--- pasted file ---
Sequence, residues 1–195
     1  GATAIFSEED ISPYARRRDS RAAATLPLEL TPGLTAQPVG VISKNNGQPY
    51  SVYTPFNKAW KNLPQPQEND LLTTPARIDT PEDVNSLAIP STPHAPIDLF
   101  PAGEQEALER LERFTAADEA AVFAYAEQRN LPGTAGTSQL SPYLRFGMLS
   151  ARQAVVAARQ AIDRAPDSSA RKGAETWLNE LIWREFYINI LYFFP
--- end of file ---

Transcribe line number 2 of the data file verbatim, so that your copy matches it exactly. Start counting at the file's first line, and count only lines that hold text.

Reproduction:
     1  GATAIFSEED ISPYARRRDS RAAATLPLEL TPGLTAQPVG VISKNNGQPY